House had an episode on with a patient who had a frontal lobe disorder. The man said whatever passed through his mind, with no censoring. The internal man was drastically different than the man he presented to the world. I suppose the point of the episode was that without all the white lies, no relationships would be possible, although it could also have been that those relationships built on fragile lies of omission or commissions aren't real relationships. I haven't decided yet which 'truth' is more valuable, but it occurs to me that autism has elements of a frontal lobe disorder. I have three children who tell exactly what is on their minds the minute it's there, whether you want to hear it or not. My son can't help himself, can't regulate at all. If it's in his head, it will be uttered. That can get tedious, especially if it has been one of those days he's caught a program on UFOs or gangland. He'll go on and on until you could weep, or until your laughter at how out in left field his ideas are finally registers with him and he gets mad because you don't think aliens are amongst us.
What interested me most about the House episode itself was this idea of the internal versus external person and the tremendous disconnect that can occur when people censor themselves. People with autism, specifically those who haven't managed to effectively self-censor, are they more genuine? I like to think I am the same person in various situations, but I self-censor constantly. Okay, some of my students would point out that I don't always successfully self-censor, but for the most part, I do. I contain random thoughts that are not relevant to the situation I find myself in. So am I always genuine? Does self-censoring render one disingenuous? My students get the genuine professional me, a cleaned-up version without all the curse words prone to tumble out of my mouth. Okay, they don't get the gardening me, but there isn't any dirt in the classroom. Is the gardening me different from the teaching me?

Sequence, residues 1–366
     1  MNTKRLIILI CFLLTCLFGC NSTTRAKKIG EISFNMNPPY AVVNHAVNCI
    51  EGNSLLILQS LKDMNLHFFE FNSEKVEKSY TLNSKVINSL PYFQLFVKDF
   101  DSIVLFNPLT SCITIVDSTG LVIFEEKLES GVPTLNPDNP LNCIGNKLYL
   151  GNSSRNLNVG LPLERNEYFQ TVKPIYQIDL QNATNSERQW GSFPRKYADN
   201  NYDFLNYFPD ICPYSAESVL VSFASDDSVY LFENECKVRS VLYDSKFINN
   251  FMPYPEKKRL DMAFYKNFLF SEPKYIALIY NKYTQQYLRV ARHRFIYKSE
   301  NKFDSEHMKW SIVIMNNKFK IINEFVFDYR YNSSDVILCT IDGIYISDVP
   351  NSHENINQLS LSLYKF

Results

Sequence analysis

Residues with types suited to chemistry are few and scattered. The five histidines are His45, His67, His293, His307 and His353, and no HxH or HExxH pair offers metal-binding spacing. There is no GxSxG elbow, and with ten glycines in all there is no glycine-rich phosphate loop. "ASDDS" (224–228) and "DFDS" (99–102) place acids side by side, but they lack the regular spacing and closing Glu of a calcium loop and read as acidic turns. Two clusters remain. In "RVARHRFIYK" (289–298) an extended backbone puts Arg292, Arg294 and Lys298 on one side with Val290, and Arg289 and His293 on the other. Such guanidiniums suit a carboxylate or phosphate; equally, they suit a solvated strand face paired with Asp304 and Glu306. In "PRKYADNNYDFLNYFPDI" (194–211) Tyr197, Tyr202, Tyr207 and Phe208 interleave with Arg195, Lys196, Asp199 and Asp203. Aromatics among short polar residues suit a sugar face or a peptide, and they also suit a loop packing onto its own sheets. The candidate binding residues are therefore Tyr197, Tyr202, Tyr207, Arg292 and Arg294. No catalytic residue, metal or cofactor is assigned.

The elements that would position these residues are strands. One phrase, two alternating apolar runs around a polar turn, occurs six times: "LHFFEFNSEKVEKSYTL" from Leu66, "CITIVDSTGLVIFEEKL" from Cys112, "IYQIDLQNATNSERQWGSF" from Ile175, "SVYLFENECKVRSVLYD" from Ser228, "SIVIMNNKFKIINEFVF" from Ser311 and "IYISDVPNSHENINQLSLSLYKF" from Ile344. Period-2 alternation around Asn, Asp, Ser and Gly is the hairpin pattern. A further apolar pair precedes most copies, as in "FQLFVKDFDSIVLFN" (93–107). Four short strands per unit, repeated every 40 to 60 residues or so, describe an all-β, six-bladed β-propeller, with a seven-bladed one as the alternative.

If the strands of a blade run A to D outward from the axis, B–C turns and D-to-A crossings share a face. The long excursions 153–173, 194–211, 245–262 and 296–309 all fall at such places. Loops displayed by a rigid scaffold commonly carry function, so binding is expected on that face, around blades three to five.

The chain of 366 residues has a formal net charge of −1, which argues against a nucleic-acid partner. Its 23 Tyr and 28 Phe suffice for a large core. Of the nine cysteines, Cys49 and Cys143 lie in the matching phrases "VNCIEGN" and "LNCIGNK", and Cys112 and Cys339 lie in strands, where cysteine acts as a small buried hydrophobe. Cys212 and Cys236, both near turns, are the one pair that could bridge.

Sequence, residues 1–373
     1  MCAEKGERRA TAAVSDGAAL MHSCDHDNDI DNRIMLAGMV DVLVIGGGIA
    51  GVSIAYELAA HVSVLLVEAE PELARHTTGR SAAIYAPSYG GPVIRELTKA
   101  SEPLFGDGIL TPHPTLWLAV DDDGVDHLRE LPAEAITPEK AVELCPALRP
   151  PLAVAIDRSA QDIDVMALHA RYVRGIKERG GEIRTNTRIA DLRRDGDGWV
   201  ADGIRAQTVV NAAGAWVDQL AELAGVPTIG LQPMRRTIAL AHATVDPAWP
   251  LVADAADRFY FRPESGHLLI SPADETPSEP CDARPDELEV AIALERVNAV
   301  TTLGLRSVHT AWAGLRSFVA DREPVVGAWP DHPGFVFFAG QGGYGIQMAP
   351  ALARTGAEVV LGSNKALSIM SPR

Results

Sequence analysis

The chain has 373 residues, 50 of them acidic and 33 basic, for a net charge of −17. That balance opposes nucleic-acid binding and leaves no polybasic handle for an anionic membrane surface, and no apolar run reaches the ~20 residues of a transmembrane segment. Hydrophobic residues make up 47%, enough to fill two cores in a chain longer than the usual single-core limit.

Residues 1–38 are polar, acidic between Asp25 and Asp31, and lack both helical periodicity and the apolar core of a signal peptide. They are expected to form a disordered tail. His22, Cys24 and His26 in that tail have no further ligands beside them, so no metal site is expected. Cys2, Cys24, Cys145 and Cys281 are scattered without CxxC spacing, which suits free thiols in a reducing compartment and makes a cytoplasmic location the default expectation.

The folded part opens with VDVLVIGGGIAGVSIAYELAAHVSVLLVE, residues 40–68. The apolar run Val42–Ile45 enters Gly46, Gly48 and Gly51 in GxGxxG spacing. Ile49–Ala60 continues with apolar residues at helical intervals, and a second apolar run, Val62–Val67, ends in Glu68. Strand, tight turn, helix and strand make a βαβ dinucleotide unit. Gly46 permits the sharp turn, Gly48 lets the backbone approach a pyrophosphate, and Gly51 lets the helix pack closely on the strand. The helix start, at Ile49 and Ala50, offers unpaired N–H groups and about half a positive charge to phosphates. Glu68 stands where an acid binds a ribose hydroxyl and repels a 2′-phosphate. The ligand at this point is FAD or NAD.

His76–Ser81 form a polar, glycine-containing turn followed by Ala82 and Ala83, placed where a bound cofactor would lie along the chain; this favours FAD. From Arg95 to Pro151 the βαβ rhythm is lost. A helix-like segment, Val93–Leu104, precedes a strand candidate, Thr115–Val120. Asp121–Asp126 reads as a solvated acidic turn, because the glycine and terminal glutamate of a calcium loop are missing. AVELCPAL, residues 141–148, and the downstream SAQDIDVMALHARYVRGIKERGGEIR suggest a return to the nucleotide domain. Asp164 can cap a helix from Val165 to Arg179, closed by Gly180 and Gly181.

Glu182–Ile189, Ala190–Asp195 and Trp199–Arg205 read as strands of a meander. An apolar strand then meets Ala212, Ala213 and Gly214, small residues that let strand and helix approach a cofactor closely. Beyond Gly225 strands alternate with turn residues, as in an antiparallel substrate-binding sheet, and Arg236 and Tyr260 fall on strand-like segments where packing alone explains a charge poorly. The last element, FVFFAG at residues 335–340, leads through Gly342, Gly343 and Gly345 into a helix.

What does it mean to be genuine? Is genuine all it's cracked up to be? Living with folks on the spectrum, I'd argue a little self-censoring would be nice. I'd be happy to receive a compliment or an expression of gratitude rather than the genuine reaction of ingratitude, but that's me 19 years into my journey of parenting autistic children.